Pink Waxcap / Autumn / Winter / Edible
Pink Waxcap, Ballerina Waxcap
They are found in unimproved fields and pasture, verges and church yards.
One of the rarest and most beautiful fungi in the UK. It was only removed from the Red Endangered List in 2006. Quite easy to ID but they should be photographed and left untouched.
They are very convex when young they flatten out with age and tend to split at the edge. They tend to only be slimy when young and wet and they can be up to 6cm across. The flesh white with a slight pink tinge. They are normally found between September and December.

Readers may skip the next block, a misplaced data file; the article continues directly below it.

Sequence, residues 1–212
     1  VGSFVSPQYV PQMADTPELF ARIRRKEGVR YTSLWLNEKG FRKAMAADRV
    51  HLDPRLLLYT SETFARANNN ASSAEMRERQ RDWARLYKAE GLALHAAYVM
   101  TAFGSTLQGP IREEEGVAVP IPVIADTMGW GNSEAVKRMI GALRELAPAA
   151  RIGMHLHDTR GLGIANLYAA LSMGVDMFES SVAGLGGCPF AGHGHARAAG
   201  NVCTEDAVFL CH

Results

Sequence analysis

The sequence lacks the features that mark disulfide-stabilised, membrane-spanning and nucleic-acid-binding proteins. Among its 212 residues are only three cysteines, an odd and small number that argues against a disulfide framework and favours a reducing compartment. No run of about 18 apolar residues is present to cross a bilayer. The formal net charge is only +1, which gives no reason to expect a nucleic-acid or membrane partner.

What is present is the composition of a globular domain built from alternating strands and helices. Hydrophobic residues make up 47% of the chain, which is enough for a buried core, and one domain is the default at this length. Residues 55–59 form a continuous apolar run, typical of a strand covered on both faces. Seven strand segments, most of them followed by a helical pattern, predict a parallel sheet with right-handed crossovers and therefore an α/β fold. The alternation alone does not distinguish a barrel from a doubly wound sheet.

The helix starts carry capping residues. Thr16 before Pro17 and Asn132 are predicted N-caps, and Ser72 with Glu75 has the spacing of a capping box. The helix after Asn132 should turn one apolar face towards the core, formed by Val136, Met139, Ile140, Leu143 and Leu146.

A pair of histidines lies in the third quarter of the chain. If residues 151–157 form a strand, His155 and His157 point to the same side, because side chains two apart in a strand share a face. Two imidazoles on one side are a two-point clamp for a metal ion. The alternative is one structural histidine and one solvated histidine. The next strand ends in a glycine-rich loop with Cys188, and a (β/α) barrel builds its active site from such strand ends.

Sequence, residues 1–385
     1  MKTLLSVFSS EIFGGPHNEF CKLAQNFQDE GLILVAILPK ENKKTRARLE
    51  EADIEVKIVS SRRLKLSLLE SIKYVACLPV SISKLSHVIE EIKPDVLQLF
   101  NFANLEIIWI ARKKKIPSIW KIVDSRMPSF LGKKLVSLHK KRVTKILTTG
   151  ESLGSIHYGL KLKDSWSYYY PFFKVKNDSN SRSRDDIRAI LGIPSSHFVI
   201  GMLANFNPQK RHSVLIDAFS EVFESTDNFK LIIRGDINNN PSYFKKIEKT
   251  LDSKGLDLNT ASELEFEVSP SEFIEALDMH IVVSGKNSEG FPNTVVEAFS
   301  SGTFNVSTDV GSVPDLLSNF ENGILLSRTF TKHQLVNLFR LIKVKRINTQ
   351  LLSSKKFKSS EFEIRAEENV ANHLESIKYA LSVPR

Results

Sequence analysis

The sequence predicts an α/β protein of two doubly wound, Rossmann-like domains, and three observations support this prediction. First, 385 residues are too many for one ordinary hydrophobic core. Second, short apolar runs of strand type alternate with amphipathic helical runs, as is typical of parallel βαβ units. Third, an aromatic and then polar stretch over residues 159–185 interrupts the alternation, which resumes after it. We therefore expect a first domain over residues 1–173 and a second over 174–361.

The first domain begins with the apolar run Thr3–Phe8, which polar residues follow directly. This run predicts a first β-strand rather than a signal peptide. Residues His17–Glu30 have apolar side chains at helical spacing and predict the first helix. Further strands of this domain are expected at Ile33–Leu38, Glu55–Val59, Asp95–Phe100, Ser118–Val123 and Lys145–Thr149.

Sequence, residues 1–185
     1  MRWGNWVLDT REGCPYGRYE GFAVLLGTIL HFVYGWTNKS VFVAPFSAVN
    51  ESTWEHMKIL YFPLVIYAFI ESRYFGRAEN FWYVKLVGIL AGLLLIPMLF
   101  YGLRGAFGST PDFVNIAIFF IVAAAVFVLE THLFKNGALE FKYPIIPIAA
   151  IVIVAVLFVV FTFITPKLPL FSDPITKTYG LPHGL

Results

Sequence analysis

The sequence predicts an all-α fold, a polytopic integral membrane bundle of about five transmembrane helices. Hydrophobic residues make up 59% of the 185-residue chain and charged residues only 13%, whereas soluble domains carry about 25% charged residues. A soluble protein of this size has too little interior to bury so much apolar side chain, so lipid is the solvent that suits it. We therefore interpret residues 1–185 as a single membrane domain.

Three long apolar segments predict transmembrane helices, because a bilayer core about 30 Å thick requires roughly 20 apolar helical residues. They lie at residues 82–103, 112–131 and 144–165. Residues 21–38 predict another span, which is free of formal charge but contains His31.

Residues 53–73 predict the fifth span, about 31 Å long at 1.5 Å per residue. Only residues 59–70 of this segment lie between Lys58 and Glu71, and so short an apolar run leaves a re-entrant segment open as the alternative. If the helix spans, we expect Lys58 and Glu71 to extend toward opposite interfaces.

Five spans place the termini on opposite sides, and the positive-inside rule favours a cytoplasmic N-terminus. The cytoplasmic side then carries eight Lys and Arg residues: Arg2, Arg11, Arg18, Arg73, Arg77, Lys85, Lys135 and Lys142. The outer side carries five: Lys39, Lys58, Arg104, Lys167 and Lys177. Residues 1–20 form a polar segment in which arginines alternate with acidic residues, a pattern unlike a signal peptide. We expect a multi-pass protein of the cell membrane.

White with a pink tinge, smooth, hollow and up to 5cm long.
Pink when young becoming paler with age. They are adnate and fairly widely spaced.
No strong smell.
They are edible but due to habitat loss and changes in land use, Waxcaps are getting rarer and rarer. I personally don’t eat them for this reason and the fact that they are pretty insubstantial.
They are the only pink Waxcap with a pointed cap.
Extra Notes from the Foragers
For a long time it was thought that Waxcaps were saprotrophic feeding on the dead root systems of grass. Modern research suggests that they have a symbiotic relationship with mosses.